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on 5 May 2014
This is another excellent reissue from the superb Now Sounds record label. The Cryan' Shames were a mid-late '60's Chicago based pop-rock combo who were big in their locale but were never able to expand that popularity countrywide. They moved with the times and when things went paisley during the '67 summer of love they duly went psych(-ish) whilst keeping a pop focus.

The best tracks here are those with a strong relatively 'hard psych' sound like "Mr. Unreliable" (with overtones of The Beatles 'Rain'), The Sailing Ship (with lashings of backwards guitar and bagpipes!?!), The Town I'd Like To Go Back To (with a very cool extended raga-ish fade-out), Sunshine Psalm (which rips off significant bits of The Byrds 'I See You' but just about gets away with it...), and Dennis Dupree From Danville (with more strong Beatle-esque 'Revolver' overtones).

The remaining tracks are much more Sunshine pop focussed and therefore a bit of a mixed bag - the better ones ('The Warm', 'It Could Be We're In Love', 'I Was Lonely When', 'In The Cafe') mine an Association / Lovin' Spoonful vibe without quite reaching the level of their inspirations. The poorer Sunshine tracks; 'Up On The Roof', 'A Carol For Lorelei' & 'Young Birds Fly' fall prey to being too twee and saccharine, sounding more like late-60's airline commericals with a similarly toe-curling effect.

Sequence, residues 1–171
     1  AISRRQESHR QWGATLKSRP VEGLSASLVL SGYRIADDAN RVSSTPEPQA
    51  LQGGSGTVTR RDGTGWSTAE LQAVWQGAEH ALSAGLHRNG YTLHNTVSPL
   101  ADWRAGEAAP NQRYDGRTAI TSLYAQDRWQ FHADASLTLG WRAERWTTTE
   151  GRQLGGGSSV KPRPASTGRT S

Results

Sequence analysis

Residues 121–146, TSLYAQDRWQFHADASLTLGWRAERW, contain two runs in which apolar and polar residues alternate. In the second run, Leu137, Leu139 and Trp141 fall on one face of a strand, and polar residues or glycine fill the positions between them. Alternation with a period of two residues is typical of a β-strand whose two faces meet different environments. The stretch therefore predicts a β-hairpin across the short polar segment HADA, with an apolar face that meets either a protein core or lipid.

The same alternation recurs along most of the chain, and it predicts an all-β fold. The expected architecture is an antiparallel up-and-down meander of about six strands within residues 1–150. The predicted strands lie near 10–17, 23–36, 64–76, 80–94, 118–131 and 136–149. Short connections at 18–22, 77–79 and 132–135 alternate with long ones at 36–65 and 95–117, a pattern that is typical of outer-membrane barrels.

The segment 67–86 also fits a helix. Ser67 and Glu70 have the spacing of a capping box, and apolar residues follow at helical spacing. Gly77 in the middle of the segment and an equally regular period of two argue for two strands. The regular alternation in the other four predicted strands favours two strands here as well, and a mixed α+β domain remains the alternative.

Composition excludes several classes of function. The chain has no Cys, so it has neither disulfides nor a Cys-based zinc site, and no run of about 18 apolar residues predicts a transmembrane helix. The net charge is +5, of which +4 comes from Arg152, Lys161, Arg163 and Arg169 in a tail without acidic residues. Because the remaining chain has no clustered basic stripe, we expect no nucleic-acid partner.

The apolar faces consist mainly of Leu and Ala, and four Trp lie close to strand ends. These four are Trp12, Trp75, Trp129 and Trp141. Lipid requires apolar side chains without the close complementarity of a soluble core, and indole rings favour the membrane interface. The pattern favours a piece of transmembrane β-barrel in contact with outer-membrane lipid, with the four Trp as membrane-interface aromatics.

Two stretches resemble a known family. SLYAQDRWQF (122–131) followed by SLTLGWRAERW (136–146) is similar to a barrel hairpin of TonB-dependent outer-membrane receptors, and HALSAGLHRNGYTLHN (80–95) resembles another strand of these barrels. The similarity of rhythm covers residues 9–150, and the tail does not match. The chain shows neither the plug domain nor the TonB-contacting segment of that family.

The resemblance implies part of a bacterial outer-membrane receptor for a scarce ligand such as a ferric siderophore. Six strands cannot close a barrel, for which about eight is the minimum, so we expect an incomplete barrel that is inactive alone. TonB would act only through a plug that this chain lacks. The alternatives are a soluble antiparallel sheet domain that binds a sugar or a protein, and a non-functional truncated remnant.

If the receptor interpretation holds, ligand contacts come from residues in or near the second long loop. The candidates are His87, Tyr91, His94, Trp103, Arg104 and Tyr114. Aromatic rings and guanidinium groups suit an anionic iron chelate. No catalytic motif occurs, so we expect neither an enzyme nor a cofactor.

The propensity of bonus tracks include a few non-LP singles; some good, some less so and single versions of LP tracks which frankly don't add much since they are mono and as the album versions are also mono any differences are negligible. Consequently there is about 35 minutes of good listening and about 10 of take it or leave it stuff and another 10 of repetition (the single versions of LP tracks).

As ever with Now Sounds the packaging and liners are superlative and so I think four stars is a fair mark even though on purely music terms I'd have probably erred towards 3.5 stars just for those 3-4 songs that were too "saccharine" for my tastes.
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on 22 October 2014
I'm surprised it took me so long to discover this abum, maybe because I've seldom seen it mentioned on peoples' lists of favourite psych albums. I haven't heard it in stereo - but this mono version has been mastered fantastically, demonstrating the Shames' skill to full effect. What you find here are great psychedelic melodies, a dreamy atmosphere and overall a captivating album if you like the psych genre. It sounds like a lot of effort was put into this and they were aiming high. It might have missed the target with many at the time, but it's nice to see it belatedly getting some of the praise it deserves. Written off by some as one-hit wonders with Sugar And Spice, by this album they'd progressed to the point where any of the tracks on here easily surpass the track for which they are most famous.
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